Wednesday, January 15, 2014

喜多方屋 Kitakataya: horse feathers

We were actually taken here at the end of last year by Hiroshi of the bowl-crushing No reason!! as a sort of mini ramen bounenkai, or "end of year party."

Kitakata is a region of Fukushima prefecture that is well known to all ramen lovers. They produce more ramen shops per capita than any other area of Japan, particularly in a style of ramen that is original to the region - a pork/niboshi-heavy shoyu with thick, curly noodles. 

And Kitakataya, run by Hiroshi's uncle who hails from the area, is the real deal. A bowl at a Kitakata shop can be a more leisurely affair than your average eatandgetthefuckout ramen shop, and the shop's atmosphere and menu reflect this attitude. The shelves are stocked with bottles of shochu liquor, so that you can kick back and knock back a few before and after eating.

Kitakataya is a neighborhood joint for the locals, and judging by the large number of families that came in, it's a popular one. Its size is unusual for ramen eateries in Tokyo (though it's pretty close to Saitama),  and you'd probably find a place like this in Nagoya, where space is more plentiful, parking lots are more abundant, ramen shops are catering to families, and life is less interesting.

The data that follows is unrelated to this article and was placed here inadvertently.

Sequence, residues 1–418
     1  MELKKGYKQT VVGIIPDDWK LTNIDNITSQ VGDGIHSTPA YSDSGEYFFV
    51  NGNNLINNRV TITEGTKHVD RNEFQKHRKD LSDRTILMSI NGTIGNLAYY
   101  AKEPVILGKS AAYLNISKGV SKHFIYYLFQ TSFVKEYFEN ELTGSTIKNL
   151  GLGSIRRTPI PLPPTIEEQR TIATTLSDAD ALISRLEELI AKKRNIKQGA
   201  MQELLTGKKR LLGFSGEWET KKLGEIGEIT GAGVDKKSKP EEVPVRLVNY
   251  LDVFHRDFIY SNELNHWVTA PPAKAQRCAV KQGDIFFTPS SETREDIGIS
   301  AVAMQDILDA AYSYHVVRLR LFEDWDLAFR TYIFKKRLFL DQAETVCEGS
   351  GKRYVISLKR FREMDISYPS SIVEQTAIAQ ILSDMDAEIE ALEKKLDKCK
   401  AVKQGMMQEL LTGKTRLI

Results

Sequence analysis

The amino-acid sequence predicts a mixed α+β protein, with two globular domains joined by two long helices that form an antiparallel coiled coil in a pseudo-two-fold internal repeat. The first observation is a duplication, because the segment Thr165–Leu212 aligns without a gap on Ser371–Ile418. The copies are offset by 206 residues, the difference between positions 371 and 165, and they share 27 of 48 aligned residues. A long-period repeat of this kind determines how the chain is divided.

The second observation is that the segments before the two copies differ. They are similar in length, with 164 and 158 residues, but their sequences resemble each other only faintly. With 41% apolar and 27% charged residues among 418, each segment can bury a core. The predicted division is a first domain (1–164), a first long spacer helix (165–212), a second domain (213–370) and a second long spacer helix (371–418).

This scene was filled with people eating ramen in a few minutes

First up was the basashi, or raw horse meat, which is another Kitakata staple. Eating horse might strike some as barbaric, but some just don't know what they're missing. Think of the leanest filet mignon you've ever had, doused with minced garlic and spicy miso. 

We got seconds.

The hits just kept coming from there. Fat, fried gyoza, which we were told to eat with only vinegar…

…an appetizer of menma…

…and a plate of stir-fried vegetables. Japanese home-cooking that is designed for the family in mind.

At this point, I was already bloated off of horse and vegetables like some mountain savage. I didn't know if I could eat my bowl.

Kitakata Ramen (620yen)

But one look at that deep dark shoyu produced a second wind. 

The simple Kitakata bowl here is a good representative of what you might find in Kitakata. Or so I'm told. I'll have to make a ramen pilgrimage there someday.

Many thanks to Hiroshi and family for a fantastic end to last year!

Tokyo, Itabashi-ku, Itabashi 3-27-3
Closest stn: Itabashi

Open from 1130am-2pm and 6-950pm (closed Mondays and every first Tuesday)


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